Carmen Nge: From my understanding of your “contemporary colloquial theatre theory”, it appears that you are celebrating real life more than theatre in its typical sense. You do not try to heighten the every day actions and realities of people to make them dramatic but instead, you present them as they are. If this is so, then why did you still choose to locate Tokyo Notes in a theatrical space? Why not have the actors perform in a real art gallery or in a public space to emphasize its realism?

Oriza Hirata: I am not celebrating the real life. My belief is that our lives exist only in reality and so there are no other ways for us but to depict reality. I'm not celebrating it. I take something from the real world and abstract it. That's how I create my pieces. It's not reality itself that I would like to delineate. I present my work, abstraction of reality, in a place suited for the piece, may it be a theater or an art gallery. We do sometimes present our show in a real art gallery.

CN: Your play has been labeled “non-dramatic” but at the same time, it has won many drama awards. What is your comment about this seeming contradiction? Do you still consider your work to be “plays” or “drama”?

Oriza Hirata: I have never once said that my work is non-dramatic. I only eliminated the incidents and events what had been considered 'dramatic' in the Western theater. I am creating very orthodox theater. There is a play script, a director and actors on stage speaking and moving in accordance with the script. And it is not my concern what it is called as the result.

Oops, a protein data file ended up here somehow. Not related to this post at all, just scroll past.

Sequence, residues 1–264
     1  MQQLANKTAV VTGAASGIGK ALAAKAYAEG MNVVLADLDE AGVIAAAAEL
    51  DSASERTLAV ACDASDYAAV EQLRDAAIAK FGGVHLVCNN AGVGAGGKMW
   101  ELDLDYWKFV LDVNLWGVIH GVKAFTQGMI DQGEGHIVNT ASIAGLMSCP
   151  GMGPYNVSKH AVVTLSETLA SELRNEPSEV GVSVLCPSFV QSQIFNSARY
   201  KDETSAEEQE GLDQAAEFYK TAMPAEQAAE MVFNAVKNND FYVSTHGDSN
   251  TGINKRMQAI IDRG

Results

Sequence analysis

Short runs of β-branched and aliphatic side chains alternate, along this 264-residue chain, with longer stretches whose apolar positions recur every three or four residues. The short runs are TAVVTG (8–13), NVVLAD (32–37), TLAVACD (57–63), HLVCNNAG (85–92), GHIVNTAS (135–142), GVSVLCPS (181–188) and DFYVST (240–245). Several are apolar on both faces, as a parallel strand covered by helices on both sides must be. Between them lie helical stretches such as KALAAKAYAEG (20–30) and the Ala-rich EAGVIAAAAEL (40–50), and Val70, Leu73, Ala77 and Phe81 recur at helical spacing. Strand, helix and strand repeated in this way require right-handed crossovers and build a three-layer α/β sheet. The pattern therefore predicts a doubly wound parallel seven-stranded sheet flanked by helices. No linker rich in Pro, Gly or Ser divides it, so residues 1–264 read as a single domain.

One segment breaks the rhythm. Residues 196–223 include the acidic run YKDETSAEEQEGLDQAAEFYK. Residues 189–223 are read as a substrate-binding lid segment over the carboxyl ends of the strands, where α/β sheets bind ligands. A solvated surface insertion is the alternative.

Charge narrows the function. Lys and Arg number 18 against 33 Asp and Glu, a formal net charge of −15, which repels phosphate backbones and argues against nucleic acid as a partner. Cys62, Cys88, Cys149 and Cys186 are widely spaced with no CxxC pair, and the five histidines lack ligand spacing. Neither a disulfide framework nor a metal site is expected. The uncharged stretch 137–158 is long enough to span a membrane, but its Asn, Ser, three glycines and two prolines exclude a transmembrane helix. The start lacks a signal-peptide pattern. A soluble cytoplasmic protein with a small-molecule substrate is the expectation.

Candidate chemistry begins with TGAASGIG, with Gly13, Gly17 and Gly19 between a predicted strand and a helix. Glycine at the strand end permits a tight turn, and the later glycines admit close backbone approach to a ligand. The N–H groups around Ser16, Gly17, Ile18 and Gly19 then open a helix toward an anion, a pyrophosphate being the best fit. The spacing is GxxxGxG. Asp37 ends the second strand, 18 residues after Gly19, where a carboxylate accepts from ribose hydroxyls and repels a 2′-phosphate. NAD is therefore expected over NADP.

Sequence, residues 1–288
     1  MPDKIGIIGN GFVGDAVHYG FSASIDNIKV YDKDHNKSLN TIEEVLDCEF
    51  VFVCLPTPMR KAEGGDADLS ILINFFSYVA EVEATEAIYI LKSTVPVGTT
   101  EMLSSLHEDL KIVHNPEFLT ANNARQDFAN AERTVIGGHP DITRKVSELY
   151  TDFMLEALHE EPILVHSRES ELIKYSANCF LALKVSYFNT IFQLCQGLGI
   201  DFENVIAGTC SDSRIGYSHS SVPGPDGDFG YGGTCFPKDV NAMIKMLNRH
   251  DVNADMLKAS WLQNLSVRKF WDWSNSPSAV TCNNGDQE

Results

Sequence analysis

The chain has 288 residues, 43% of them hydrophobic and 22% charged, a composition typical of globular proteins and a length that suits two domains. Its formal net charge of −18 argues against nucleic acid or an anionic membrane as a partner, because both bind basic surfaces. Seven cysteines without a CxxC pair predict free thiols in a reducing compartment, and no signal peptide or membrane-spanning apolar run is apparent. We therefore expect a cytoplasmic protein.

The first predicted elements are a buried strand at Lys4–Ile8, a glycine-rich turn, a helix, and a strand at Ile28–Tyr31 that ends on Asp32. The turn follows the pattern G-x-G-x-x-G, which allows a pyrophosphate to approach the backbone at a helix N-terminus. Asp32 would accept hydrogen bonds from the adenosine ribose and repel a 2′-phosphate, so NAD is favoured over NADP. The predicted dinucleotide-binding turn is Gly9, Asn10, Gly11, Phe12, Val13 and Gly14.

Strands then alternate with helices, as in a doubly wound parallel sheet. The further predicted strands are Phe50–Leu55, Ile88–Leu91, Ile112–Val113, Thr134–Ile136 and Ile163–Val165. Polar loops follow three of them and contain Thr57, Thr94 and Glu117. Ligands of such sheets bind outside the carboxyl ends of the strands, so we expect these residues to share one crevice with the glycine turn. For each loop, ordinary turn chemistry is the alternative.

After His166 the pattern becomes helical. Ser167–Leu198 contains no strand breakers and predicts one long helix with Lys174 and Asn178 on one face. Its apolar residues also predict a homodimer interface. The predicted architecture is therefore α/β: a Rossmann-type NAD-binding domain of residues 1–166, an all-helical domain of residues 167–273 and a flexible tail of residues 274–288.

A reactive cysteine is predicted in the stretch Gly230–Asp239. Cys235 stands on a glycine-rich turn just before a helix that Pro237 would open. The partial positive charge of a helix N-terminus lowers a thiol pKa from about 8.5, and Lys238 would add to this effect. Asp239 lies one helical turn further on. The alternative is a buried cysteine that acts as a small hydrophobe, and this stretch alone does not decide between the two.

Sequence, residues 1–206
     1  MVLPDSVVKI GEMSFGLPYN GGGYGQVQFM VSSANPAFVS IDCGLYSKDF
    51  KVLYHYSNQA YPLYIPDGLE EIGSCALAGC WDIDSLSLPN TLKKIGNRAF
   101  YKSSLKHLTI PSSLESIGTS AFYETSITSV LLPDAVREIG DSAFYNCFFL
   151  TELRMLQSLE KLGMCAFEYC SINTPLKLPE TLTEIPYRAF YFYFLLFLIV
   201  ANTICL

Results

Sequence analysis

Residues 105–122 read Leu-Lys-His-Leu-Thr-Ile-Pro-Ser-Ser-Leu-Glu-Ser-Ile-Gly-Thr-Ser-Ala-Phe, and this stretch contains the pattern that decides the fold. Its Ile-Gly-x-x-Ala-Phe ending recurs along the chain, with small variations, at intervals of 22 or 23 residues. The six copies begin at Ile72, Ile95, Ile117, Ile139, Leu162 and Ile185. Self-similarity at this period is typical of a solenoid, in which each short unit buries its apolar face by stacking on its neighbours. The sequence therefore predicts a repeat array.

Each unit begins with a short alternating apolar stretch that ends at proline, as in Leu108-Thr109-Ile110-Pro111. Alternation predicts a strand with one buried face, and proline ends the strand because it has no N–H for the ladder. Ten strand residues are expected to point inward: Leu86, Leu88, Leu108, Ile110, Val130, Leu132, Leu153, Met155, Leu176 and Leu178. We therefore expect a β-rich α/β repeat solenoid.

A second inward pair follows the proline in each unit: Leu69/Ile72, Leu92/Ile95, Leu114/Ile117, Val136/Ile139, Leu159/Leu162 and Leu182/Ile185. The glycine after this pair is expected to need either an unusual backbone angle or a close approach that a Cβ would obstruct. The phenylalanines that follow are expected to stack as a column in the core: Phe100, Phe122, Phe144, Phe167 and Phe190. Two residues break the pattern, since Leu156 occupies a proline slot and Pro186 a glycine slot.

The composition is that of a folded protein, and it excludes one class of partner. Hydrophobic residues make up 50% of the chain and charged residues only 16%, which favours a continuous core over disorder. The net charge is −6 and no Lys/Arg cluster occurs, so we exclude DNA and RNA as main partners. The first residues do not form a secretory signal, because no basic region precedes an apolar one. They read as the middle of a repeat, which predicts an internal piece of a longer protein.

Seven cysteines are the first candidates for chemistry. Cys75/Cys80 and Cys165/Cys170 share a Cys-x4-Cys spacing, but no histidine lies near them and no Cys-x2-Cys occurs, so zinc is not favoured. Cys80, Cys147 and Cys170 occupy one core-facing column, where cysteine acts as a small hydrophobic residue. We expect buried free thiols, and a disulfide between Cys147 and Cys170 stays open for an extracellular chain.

CN: Tokyo Notes, written in 1994, is said to be your reaction to the first Gulf War. Why do you think you were so inspired by the war? What impact did it have in your life at the time?

Oriza Hirata: It was not so much the impact of the war itself. The impact I got was more from the fact that we were still leading our ordinary lives watching the war on TV.

CN: The setting of Tokyo Notes is in an art museum, usually a place where there is more looking and viewing than there is talking and dialogue. Why did you choose this setting? Is it perhaps symbolic of Japan’s position in the war—as neutral observers, commenting only on the sidelines but not directly involved?

Oriza Hirata: I don't mind your taking it that way.

CN: Tokyo Notes appears to be a piece that challenges the role of the audience as spectator to a dramatic event. According to reviews of your work, audience members have expressed frustration and discomfort when watching the play. How important is the audience in Tokyo Notes? What kind of effect did you want your audience to have?

Oriza Hirata: I always hope that the audience members feel as if they are also on the stage sharing the same space. I would like them to feel and think about what's happening on stage as if it is happening to them. It's different from audience sympathizing with the protagonist, which often is the case in many theatrical presentations. It's not like Brechtian plays that teach something to the audience either. I would like the audience to 'be there' when something happens on stage.

CN: Tokyo Notes is said to be your homage to Ozu’s Tokyo Story. Do you see any similarity between your own work and Ozu’s? How and why did Tokyo Story inspire you?

Oriza Hirata: Although Ozu is the filmmaker I most respect, I am not affected directly by his methods. From his Tokyo Story I only borrowed two things: the basic setting (that someone from the countryside comes to see the family) and the essential theme (who will look after the parents).

CN: Cody Poulton, your English translator, has said that your Tokyo Notes exhibits a new form that is a lens through which to gaze at the Japanese and how they see the world at the beginning of the twenty-first century. Do you agree with this characterization of your work? If yes, then how would you say the Japanese see the world today and is Tokyo Notes an accurate reflection of that?

Oriza Hirata: The Japanese do not see the world in any way whatsoever. The Japanese are surprisingly apathetic about the world. That is what Tokyo Notes is about.

This interview was first published in Off The Edge magazine, August issue.